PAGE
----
COVID-19 has thrust the “future of work” to the forefront as the U.S. unemployment rate has soared from one of the lowest in history (3.8% quarterly average) to the highest with alarming speed. While the long-term implications of the pandemic on the future of work are still unknown, it is clear that the coronavirus will accelerate workforce transformation and increase the demand for digitally enabled jobs in the future.
However long the current lockdown lasts, it is clear that little will remain the same as it was before COVID-19. The question becomes, how many people will continue to work from home? How will technology be leveraged to assist (or replace) the existing workforce as the economy tries to recover? What role will organizations have to take on to retrain and reskill their employees for the digital needs of the future?
To get a better idea of the dynamics of the potential future of work outcomes, we interviewed Ben Pring, Co-Founder and Leader of Cognizant’s Center for the Future of Work. Pring is co-author of the best-selling and award-winning books, What To Do When Machines Do Everything (2017) and Code Halos; How the Digital Lives of People, Things, and Organizations are Changing the Rules of Business (2014).
This exclusive interview by the Banking Transformed podcast discusses what work may look like in financial services, the impact of COVID-19 on the use of technology to augment human engagement, the potential for work and income inequality, and the importance of digital skills training in the future. Below is an abridged version of the interview.
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What is the most significant change in the future of work you have seen since the beginning of this crisis?
Pring: It’s going to take a long time for us to figure out all of the implications of this pandemic. I suppose my biggest takeaway so far is to remember that great quote, “Sometimes there are decades where nothing happens and sometimes there are weeks when decades happen.”
There’s an acceleration into many of the ideas that we’ve been talking about the future of work for many years. Businesses that had not wanted to take these things seriously or haven’t had the bandwidth, the energy or the budget, are going to have to take this seriously.
Questions being asked include, how do we manage workflows in a more seamless, virtualized way? What are the implications in terms of real estate? Are people going to go back to those offices? What does the physical design and layout of those offices look like in a world with social distancing and things like that.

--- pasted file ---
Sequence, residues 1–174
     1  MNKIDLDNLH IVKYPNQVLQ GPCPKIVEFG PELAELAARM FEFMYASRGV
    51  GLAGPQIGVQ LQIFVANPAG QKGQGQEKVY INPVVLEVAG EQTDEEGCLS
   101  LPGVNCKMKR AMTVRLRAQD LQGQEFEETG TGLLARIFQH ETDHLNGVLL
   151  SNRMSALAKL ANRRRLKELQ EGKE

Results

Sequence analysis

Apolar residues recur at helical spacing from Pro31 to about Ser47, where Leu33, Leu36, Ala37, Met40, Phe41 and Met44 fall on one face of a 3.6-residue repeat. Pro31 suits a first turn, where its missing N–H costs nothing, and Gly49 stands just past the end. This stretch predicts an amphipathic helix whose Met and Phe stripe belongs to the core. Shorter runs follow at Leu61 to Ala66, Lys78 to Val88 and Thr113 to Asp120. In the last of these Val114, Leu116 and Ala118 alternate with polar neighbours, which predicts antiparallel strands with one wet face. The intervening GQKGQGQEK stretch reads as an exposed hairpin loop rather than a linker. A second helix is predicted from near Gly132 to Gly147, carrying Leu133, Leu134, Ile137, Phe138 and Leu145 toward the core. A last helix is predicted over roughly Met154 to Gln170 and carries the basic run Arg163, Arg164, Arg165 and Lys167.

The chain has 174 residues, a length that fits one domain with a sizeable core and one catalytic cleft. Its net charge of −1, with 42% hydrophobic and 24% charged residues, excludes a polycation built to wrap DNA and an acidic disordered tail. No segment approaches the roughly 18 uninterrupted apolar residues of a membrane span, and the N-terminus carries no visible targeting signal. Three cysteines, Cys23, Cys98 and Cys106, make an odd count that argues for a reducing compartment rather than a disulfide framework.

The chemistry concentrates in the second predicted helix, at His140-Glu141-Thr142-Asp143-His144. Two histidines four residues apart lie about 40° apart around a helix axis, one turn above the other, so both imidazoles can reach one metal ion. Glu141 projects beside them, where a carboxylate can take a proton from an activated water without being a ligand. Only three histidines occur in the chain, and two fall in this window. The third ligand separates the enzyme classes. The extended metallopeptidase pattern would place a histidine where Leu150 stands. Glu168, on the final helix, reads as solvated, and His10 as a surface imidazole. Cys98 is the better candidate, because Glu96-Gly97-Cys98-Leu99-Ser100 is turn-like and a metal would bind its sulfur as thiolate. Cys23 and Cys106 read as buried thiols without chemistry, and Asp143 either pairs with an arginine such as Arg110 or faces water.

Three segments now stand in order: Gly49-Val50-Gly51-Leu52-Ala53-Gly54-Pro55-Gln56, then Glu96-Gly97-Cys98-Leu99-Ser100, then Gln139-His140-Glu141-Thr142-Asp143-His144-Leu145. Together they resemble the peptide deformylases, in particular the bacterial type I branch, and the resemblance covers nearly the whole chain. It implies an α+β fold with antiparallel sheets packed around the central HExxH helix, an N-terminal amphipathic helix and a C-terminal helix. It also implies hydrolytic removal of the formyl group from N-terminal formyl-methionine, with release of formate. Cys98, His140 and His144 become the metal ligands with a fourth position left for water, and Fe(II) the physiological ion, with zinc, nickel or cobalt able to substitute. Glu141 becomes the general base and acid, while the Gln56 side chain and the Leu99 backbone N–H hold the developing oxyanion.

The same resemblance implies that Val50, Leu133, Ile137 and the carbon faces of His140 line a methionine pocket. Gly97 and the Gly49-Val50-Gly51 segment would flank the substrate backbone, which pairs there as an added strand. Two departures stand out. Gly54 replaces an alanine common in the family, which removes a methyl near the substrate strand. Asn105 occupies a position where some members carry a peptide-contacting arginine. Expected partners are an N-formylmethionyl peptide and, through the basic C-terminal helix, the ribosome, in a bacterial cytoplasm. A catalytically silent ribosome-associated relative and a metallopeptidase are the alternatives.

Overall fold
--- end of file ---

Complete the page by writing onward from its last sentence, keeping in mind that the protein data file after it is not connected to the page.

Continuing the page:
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Understanding human adaptivity, what do you think will be long-term disruptions and which will be more short term in nature?
Pring: This is a moment of adaptation for us all individually and collectively. We’ve seen examples of that in the form of Zoom calls, virtual meetings, changing work flows and how we have socialized. What this means in terms of banking and whether the “elastic band” springs back into exactly how it was before, is hard to call at the moment.
Right now, there are two hypotheses. One is that a lot of people never go back to the office. The other hypothesis is that everyone’s going to be desperate to go back to the office because they’re sick of being cooped up at home.
If I was to net it all out, I think that the increase from today will be very significant, probably 15% more will be working at home permanently than pre-COVID-19. Dismantling that 15% physically and then enabling that 15% virtually will be a huge change. And this is happening in months.
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How are firms adjusting to needing to really become digital?
Pring: The companies that have continued to drag their feet, it’s going to be a very tough road for them ahead. Even though businesses can use data to do mass personalization and customization of solutions, they make you fill out forms sharing financial information which they already have.